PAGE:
Refine your search for walks in Trellech United
A circular route on Trellech Beacon with stunning views to the Wye Valley below and the Forest of Dean, Malverns and Cotswolds in the distance.
Through riverside meadows and along village tracks, climbing in the footsteps of William Wordsworth to the Bread and Cheese viewpoint and Cleddon Shoots waterfall.
Explore our fabulous Monmouthshire countryside. Enjoy riverside views beside the Wye and discover hidden heritage along the way.
There is a gentle uphill incline near the start of this mainly level woodland walk. There are stunning views down into the Wye Valley and a stop at the waterfall that may have been the sounding cataract, in Wordsworth’s ‘Lines written a few miles above Tintern Abbey’.
A route through woodland on clear wide tracks.
A walk uncovering Penallt’s hidden millstone industry. With some steep steps, uphill sections and uneven paths. Best enjoyed in spring and early summer when the bluebells and wildflower meadows are at their peak. This walk takes you to a millstone quarry, to the riverside where millstones were loaded onto trows and passes two pubs where you can enjoy a glass of local cider!
Enjoy spectacular views towards the Black Mountains and Brecon Beacons, keep your eyes peeled for lots of wonderful wildlife, and discover hidden heritage along the way.
Follow the Angidy Trail and discover Tintern’s hidden industry – the furnace, forge and wireworks, the workers’ cottages, limekilns, tidal dock and church where generations of metal workers were baptised, married and buried.
A figure of eight walk centred on the delightful village of Brockweir. The walk is mainly level along the Wye Valley on old railway tracks, the riverbank and minor roads, part in Wales and part in Gloucestershire.
Along and across the Wye to a historic English village, returning via woodland.
Outward along an old tramway, with a high- level return offering fabulous views.
Woodland walking and industrial heritage on a walk with several options for short-cuts.
The route is a mixture of green lanes, forestry tracks and tarmac lanes. There are steep uphill climbs out of Tintern on either side of the Angidy Valley. The route is way-marked. Look out for these along the way. Numbers on the map relate to numbers in the text. You can start at any point and go in either direction (these directions follow a clockwise route). This route links up with the northern Wye Valley trail, Whitestone, Whitebrook and the Wye.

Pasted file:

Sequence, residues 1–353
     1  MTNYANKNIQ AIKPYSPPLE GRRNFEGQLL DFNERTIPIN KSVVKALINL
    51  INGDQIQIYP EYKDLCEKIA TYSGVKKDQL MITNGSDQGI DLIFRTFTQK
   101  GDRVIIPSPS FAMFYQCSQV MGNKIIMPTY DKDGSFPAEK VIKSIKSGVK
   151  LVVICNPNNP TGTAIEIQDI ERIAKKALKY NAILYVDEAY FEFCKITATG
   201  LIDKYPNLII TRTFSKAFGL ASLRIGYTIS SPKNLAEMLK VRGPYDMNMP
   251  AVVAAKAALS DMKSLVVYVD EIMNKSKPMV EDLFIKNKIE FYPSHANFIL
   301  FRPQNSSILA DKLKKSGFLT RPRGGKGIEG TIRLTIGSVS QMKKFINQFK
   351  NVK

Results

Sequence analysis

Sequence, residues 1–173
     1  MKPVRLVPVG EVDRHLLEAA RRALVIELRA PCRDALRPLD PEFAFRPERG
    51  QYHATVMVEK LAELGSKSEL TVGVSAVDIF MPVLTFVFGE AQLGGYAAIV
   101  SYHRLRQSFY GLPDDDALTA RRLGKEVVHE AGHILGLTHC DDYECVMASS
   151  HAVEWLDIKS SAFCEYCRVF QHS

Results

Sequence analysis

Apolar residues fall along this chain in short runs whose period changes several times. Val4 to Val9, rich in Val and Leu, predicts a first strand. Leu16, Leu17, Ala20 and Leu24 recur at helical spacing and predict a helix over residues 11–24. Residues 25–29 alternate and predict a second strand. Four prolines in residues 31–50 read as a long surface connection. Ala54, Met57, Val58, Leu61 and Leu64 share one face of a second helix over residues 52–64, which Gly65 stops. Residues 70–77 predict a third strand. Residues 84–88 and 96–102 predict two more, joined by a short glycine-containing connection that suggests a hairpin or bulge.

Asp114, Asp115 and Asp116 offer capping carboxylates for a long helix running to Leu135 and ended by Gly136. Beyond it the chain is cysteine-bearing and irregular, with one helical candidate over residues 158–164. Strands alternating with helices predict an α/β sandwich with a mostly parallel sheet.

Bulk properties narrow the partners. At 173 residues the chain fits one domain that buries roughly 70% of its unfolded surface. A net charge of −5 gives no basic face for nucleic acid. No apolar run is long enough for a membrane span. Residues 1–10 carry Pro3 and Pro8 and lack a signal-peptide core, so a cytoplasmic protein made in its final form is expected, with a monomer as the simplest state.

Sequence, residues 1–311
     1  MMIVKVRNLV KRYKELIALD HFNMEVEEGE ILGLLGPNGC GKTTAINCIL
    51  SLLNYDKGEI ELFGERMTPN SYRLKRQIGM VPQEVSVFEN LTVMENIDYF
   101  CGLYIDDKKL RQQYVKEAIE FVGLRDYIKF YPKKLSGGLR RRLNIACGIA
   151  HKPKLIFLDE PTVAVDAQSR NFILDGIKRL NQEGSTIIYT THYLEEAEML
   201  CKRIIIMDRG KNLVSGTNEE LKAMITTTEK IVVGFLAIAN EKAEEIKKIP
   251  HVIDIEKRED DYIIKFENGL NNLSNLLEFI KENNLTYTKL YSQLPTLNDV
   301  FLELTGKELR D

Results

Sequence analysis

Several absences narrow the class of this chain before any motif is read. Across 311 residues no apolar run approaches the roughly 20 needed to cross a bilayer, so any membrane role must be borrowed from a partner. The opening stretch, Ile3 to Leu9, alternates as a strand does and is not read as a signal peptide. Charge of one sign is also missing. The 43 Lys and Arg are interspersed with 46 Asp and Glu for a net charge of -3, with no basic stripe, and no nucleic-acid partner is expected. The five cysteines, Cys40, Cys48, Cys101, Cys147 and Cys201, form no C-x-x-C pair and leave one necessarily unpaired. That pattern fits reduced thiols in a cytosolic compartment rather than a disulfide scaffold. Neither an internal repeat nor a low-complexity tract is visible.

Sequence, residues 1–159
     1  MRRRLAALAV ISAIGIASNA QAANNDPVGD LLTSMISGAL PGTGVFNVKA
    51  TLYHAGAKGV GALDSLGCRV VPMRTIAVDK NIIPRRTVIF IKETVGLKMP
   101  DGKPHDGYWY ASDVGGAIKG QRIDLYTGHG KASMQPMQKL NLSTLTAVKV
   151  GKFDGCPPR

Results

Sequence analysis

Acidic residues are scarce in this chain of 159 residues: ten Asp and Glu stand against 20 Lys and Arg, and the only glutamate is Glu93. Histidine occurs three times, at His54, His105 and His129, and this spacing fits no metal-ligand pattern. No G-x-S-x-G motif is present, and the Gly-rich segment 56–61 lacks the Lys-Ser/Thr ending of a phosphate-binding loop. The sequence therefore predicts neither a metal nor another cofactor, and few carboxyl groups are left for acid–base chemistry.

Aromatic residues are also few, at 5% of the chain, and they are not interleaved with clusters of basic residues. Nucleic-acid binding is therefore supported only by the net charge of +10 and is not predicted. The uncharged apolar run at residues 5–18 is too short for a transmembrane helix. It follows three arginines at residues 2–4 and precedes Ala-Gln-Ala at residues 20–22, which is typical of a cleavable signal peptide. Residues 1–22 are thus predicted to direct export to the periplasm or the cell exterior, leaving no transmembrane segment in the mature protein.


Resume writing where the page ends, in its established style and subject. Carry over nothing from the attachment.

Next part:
The outward route is the quickest and easiest route to Symonds Yat. The return is more adventurous, seeking out the impressive King Arthur’s Cave and secret viewpoints over the Wye Gorge.
Featuring the impressive Suck Stone and Near Hearkening Rocks, two medieval churches, a lengthy section along the Wye, the Yat Rock viewpoint and a quiet stream valley, this walk offers an in-depth introduction to the landscapes of the Forest of Dean.
The most straightforward route to and from Symonds Yat, featuring an old mine, a significant riverside stretch and of course the classic viewpoint of Symonds Yat. Look out for Peregrine Falcons and Goshawks overhead.
Follow in the footsteps of the Wye Tourists down to the Wye. Cross the river at the Biblins visiting Little Doward Hillfort, King Arthur’s Cave and New Weir Forge. Return on the hand ferry at Symonds Yat West.
A steep descent and ascent from the car park at Yat Rock to the River Wye at Symonds Yat East.
A short but energetic climb to a stunning viewpoint over the Wye Valley.
A choice of short or long walks along the River Wye towards Monmouth.
A walk through the woods to a local landmark, returning along the Wye Riverbank.
A long walk full of interest with lengthy riverside sections.
Short alternative route to the viewpoint of Yat Rock.
A wide meander of the Wye followed with Yat Rock as a highlight.
A circular walk on good surfaces, mainly level along the beautiful Wye Valley at Symonds Yat. The River Wye seen from the world famous viewpoint at Symonds Yat Rock forms an almost complete loop. The river here flows 31⁄2 miles yet progresses less then 1⁄4 mile towards the Severn. This walk starts below Symonds Yat Rock in the steep sided, wooded gorge at the pleasant village of Symonds Yat East.
Dramatic cliffs, superb views and riverside walking with a wrapping of internationally protected woodlands and sprinkling of industrial ruins.